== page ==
How to Build a Concrete Shed Base
You’ve never built a shed base before but you’re a pretty handy DIY’er – so the next step is to learn and put what you’ve read into action. This month, Essex Mix is here to help you build a concrete foundation that’ll provide you with a stable base for your shed so that it will last for years to come. So let’s get started – from appointing the location of your shed base to levelling, marking, framing and pouring concrete – we’re here to tell you step-by-step how to build a concrete shed base.
Location of your shed base
Figure out where the base for your shed will be laid – you will want it to be easily accessible and for it to complement its surroundings – so have a think first. Will you be storing bikes, tools, garden furniture? These questions will help you to think about getting items in and out of the shed, so you will want to ensure that everyday use will be straightforward.
If possible, leave a metre gap between your shed and garden fences or walls. Why? Leaving this gap will allow air to circulate around your shed’s base and the shed itself once it has been erected. This speeds up the building process and also keeps damp and rot at bay.
Level your site and prepare for the shed base
It goes without saying that you’ll need flat land when laying a concrete shed base. So avoid laying it on uneven ground as this can cause issues when it comes to erecting your shed and it’ll no doubt affect its structural integrity – causing doors and windows to not function as intended.
Mark out the area for the shed base
Know what sized shed you’re going to put up? Measure out the area in question before framing your shed base. Always mark out this area slightly larger than the shed itself (approx 30-40mm around all sides) and do so with pegs and string. Once you’ve marked out the area for the shed base, excavate all foliage that’s within the area and remove at least 150mm of the topsoil. This is so you’ll have enough space for 75mm of hardcore and 75mm of concrete. Now that your shed base area has been defined, it’s time to remove the string and pegs. Rake the earth and pat it down to ensure it’s compact before the next step of adding 75mm of hardcore.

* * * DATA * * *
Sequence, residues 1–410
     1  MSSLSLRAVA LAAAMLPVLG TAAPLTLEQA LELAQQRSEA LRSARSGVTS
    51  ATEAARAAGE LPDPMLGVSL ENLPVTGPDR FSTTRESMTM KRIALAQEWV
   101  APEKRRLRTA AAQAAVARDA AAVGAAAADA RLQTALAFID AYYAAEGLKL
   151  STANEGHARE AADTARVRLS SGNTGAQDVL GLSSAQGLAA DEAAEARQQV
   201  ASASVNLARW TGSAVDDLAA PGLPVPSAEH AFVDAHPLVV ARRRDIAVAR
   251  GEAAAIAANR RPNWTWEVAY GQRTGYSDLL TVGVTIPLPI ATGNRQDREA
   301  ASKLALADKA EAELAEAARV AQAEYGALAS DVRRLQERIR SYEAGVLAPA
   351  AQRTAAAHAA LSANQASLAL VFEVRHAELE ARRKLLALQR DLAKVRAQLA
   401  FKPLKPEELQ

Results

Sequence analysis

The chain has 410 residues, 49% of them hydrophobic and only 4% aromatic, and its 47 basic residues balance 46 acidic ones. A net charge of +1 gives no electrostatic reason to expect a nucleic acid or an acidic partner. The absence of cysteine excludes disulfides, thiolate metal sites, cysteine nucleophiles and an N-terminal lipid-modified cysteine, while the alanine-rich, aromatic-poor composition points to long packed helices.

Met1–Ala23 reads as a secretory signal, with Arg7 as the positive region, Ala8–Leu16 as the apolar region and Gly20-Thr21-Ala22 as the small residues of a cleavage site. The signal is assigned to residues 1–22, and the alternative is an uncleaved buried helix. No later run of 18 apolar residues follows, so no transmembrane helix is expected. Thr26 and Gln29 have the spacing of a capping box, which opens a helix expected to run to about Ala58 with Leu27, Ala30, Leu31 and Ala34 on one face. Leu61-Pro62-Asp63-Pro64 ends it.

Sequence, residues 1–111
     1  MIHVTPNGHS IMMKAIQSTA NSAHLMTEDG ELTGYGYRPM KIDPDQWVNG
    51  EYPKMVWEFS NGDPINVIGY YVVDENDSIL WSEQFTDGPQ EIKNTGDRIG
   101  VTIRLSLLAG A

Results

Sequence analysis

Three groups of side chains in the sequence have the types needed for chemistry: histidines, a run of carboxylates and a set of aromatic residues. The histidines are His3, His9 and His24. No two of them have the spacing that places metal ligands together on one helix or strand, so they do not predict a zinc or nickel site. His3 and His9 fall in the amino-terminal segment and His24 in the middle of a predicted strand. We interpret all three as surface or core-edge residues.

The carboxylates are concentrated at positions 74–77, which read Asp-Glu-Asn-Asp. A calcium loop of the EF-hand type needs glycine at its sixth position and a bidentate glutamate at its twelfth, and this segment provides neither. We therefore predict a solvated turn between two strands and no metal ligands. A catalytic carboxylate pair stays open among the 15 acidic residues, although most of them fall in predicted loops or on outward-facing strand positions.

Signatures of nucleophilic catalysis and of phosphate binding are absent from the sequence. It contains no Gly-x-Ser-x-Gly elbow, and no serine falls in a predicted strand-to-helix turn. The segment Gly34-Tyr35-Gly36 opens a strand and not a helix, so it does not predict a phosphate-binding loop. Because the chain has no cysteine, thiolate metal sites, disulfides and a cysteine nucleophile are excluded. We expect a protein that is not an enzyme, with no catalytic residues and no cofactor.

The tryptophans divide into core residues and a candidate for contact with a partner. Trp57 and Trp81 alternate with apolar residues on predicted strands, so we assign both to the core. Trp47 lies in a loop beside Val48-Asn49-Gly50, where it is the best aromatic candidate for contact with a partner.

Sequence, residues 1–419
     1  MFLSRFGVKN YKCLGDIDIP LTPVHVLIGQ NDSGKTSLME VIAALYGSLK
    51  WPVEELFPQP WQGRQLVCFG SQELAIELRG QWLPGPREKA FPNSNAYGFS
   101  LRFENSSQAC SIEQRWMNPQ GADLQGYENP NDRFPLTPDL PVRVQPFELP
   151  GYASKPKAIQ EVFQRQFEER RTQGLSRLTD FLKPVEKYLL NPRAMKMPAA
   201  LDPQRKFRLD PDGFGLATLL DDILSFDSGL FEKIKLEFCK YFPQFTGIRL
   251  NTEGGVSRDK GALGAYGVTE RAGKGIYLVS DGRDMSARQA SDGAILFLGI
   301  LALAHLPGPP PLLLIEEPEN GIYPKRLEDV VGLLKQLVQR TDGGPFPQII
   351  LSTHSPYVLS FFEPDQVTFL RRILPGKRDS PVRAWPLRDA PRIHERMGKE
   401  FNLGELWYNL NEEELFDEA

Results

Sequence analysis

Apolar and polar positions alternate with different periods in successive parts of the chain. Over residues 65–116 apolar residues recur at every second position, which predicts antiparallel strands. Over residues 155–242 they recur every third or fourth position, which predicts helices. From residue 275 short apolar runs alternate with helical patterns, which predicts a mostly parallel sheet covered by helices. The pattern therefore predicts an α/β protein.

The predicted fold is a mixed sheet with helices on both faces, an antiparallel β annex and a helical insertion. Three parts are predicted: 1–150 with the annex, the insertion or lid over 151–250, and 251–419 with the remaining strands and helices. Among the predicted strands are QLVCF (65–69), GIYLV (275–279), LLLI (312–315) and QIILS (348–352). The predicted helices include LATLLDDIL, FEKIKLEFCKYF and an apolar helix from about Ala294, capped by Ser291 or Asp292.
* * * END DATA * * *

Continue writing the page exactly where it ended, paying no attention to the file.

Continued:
Framing your shed base
To make sure that the concrete you pour keeps its shape whilst it sets, it’s important to frame it, you can do this by placing timber blocks around the perimeter of the excavated area. Use a spirit level to check it is flat and pop some pegs around the frame to keep it sturdy and in place.
Pouring your concrete shed base
Now you’re ready to pour the concrete – if you’ve purchased readymixed concrete or you intend on making the concrete yourself – it’s important to ensure the concrete is poured with caution. Gently pour the concrete on, layer by layer, ensuring it reaches all corners of the marked area, spread and compact the concrete with a concrete compacting tool. If you see any air bubbles, tap the corners of the timber with a hammer to remove and continue to pour the concrete bit by bit until you reach the top of the timber frame.
Now that you’ve poured all the concrete, level off with a length of timber. Starting from one end and working to the other, gently glide across the concrete to remove excess, leaving the top flush with the frame you’ve created.
Leave this for a good 72 hours before lifting the frame away from the concrete base – if it looks like it’s going to rain, cover with a plastic sheet for protection. If it’s overly hot outside, spray your concrete base with water and cover with a damp cotton sheet to stop it from drying rapidly.
Looking for quality concrete services? Simply contact Essex Mix today. We offer mini mix concrete, readymix concrete, volumetric concrete, on-site mixed concrete and concrete pump hire too. Serving throughout the Essex region including Basildon, Chelmsford, Romford and the surrounding areas.